Sunday, November 24, 2013


Massumi makes a useful contribution to the problem with affect when he says:' There seems to be a growing feeling within media, literary and art theory that affect is central to an understanding of our information- and image-based late capitalist culture, in which so-called master narratives are perceived to have foundered....belief has waned for many but not affect. If anything,our condition is characterized by a surfeit of it. The problem is that there is no cultural-theoretical vocabulary specific to affect. Our entire vocabulary has derived from theories of signification...' (Parables for the Virtual, 2002:27). Good point, well made. Still confusing affect with emotion? I found that this helped to unscramble the two (and 'feeling' at the same time).

Thursday, November 21, 2013

Reality check

 The relationship between academic and everyday life is a fascinating area, best typified I guess by blurred boundaries. Yesterday, for example, we were celebrating two 'new doctorates' - or perhaps I should say two people whose lives had, in different ways, been entangled with doctoral study. In the course of this celebration I got talking to a researcher who I haven't had much previous contact with, and through our conversation I learned that she was a parent of two teenage boys. Perhaps inevitably the conversation turned on literacy. What she said in a few minutes seemed to me to sum up, perhaps even to validate, what I've been writing about over the last ten years or so. It was, if you like, an everyday validation of my research pre-occupations. Perhaps it's easiest just to list the themes that came up in her observations, grounded, as they were, in her everyday life as a parent. Of course, inevitably, this is my summary:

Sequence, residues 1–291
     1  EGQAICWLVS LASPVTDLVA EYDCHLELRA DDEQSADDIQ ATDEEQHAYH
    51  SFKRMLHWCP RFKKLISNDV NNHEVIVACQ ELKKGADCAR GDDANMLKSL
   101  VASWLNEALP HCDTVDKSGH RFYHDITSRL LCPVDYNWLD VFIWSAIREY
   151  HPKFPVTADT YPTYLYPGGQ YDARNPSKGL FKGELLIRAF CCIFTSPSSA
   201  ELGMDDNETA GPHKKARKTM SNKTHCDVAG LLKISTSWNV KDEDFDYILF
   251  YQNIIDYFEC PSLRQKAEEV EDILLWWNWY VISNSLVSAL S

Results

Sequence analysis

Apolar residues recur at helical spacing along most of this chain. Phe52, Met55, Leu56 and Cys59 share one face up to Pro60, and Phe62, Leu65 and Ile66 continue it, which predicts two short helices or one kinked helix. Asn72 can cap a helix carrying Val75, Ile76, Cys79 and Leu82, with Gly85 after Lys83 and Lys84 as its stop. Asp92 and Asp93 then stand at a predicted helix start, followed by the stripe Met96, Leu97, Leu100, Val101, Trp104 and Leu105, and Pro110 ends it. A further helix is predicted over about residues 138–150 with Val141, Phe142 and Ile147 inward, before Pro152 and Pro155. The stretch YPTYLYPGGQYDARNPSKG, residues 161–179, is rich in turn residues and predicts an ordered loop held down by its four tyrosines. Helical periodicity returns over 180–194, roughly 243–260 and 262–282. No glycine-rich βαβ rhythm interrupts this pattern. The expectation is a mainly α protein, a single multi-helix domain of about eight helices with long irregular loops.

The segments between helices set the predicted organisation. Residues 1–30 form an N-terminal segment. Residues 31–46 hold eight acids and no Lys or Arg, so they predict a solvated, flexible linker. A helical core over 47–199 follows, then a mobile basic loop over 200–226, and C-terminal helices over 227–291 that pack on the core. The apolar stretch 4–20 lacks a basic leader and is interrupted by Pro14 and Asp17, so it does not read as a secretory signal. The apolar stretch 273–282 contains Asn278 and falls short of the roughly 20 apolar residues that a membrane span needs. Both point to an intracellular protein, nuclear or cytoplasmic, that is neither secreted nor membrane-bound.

1. Teenagers are reading as much, if not more than they have in previous generations.
2. Very little of the material they read is in print books.
3. They make good use of a very wide range of online sources.
4. Their level of informal learning, understanding and knowledge is impressive.
5. They find (perhaps as a consequence) that what's on offer in schools is uninspiring.
6. They are developing social skills, literacy and learning through online gaming and social networking.
7. Parental concerns about regulating the frequency and duration of screen-time and the suitability of online content are persistent and under continual review and renegotiation.

Sunday, November 17, 2013

New writing